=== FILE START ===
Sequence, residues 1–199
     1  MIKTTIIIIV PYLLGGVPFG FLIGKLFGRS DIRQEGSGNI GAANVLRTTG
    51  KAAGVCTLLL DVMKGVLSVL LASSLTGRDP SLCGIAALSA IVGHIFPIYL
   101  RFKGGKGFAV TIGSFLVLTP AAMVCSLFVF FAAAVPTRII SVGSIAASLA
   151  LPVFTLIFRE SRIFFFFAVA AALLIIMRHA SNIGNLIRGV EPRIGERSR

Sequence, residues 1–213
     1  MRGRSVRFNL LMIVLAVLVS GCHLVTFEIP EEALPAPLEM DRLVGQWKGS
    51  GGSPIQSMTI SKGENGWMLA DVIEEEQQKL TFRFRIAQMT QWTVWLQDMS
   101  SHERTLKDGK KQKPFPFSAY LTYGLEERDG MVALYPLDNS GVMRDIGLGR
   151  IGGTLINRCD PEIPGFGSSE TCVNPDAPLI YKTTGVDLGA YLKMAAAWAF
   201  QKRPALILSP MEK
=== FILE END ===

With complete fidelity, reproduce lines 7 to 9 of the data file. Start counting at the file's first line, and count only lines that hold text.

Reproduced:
     1  MRGRSVRFNL LMIVLAVLVS GCHLVTFEIP EEALPAPLEM DRLVGQWKGS
    51  GGSPIQSMTI SKGENGWMLA DVIEEEQQKL TFRFRIAQMT QWTVWLQDMS
   101  SHERTLKDGK KQKPFPFSAY LTYGLEERDG MVALYPLDNS GVMRDIGLGR